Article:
The first Luma-Con, Petaluma’s Comic Book Convention, was a huge success. They had such a turnout (“thousands of people” per the local paper) that they overflowed their venue. The guest artists were friendly and interesting, cosplay was great, and there were many, many gifted young artists.
I love this T-Shirt
Sponsors tell you a lot about an event. The Sonoma Library, Copperfield’s Books and Petaluma Friends of the Library were the main sponsors of this event. The library system has a librarian who is a champion of graphic novels and comic books; who understands that they teach us about narrative and character, they encourage youth to read, and that they’re just great fun. Having the library come in was awesome. Copperfield’s Books, particularly the Petaluma store, also has a champion of comics and speculative fiction. His name is Ray and he was working the booth when I was there. Copperfield’s also has a crack team of event planners, and a commitment to creating events that support community. Friends of the Library is a non-profit group that helps at events, fund-raises and manages book sales for local libraries.
Other donors included Brian’s Comics, Outer Planes comics and The Comic Box. The food concessions were donating their time and materials, I think.
She looked that way before I raised my camera. Honest.
Great sponsors aside, an event needs a planning committee and this one did a fine job. I say they overflowed their venue; that is a comment on the success, not lack of planning. They chose the largest building at the Petaluma fairgrounds. My only recommendations would be; next year consider Luchese Park, across the freeway, which has some larger rooms, and/or move the food concession to a smaller nearby building, which would free up about 25% more space.
Princess Leia helps with crafts.
The event had great panels. I was late and missed the one I would have enjoyed the most, which included Eisner-award-winning novelist Brian Fies and Paige Braddock, an artist who works with the Schulz Museum and is the creator of the popular and hilarious Jane’s World. However, there was plenty to choose from. Other topics ranged from self-publishing to Star Wars.
Large panels of easel pads and colored pencils gave fans a chance to draw or write something about their favorite fandoms. Several teen and young adult artists had tables, and there are some talented young people in this county! There were two craft areas for younger children.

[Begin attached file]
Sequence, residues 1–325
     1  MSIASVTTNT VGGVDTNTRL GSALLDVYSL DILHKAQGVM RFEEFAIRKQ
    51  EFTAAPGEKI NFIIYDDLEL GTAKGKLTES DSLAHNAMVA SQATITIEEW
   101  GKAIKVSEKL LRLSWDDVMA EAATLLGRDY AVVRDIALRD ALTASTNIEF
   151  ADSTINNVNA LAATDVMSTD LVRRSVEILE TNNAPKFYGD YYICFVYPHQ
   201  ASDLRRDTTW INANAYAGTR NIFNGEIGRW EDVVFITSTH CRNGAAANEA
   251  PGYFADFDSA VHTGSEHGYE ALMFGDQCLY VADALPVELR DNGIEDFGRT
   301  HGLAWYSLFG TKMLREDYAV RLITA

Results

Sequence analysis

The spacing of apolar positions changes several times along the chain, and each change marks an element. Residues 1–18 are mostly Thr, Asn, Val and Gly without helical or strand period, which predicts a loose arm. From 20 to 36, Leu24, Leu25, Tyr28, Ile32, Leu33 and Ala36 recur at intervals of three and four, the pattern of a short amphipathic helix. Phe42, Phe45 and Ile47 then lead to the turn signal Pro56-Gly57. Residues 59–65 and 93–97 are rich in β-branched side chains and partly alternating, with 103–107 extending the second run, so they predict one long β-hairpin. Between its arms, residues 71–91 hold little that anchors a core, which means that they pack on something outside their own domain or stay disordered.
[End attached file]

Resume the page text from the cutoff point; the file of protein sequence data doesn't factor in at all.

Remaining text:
If Sherlock was bored, he wasn’t at the same event I was.
Outer Planes had various-sized grab bags of comic books for set prices, while Brian’s Comics focused more on new releases. Copperfield’s provided a nice mix of graphic novel, print novels and how-to, and I picked up a copy of How to Draw Marvel Comics for Mockingbird.
Paige Braddock autographed both copies of the Martian series she is illustrating with writer Jason McNamara, The Martian Confederacy. Imagine every rural, redneck stereotype you can think of; the trailer trash bimbo, the dive-bar-and-junkyard owner, the smart and affable loser, the corrupt politician, and put them on a colonized Mars that has become an economic backwater. That’s basically the story.
And then, cosplayers! Some were my age, most were younger, beautifully decked out in customized or fully handmade costumes. I asked Brian’s daughter Robin why she and her sister hadn’t come in costume. “You never cosplay at the first convention,” she said. “You check it out first, then maybe at the second convention, you do the cosplay.”
More about this is a subsequent post.
Words of wisdom.
I am hoping and planning that there will be a First Annual Luma-Con next year. I may even volunteer. This was an exciting event! I hope next year’s is in a bigger place. And, next year, maybe I’ll go in costume.
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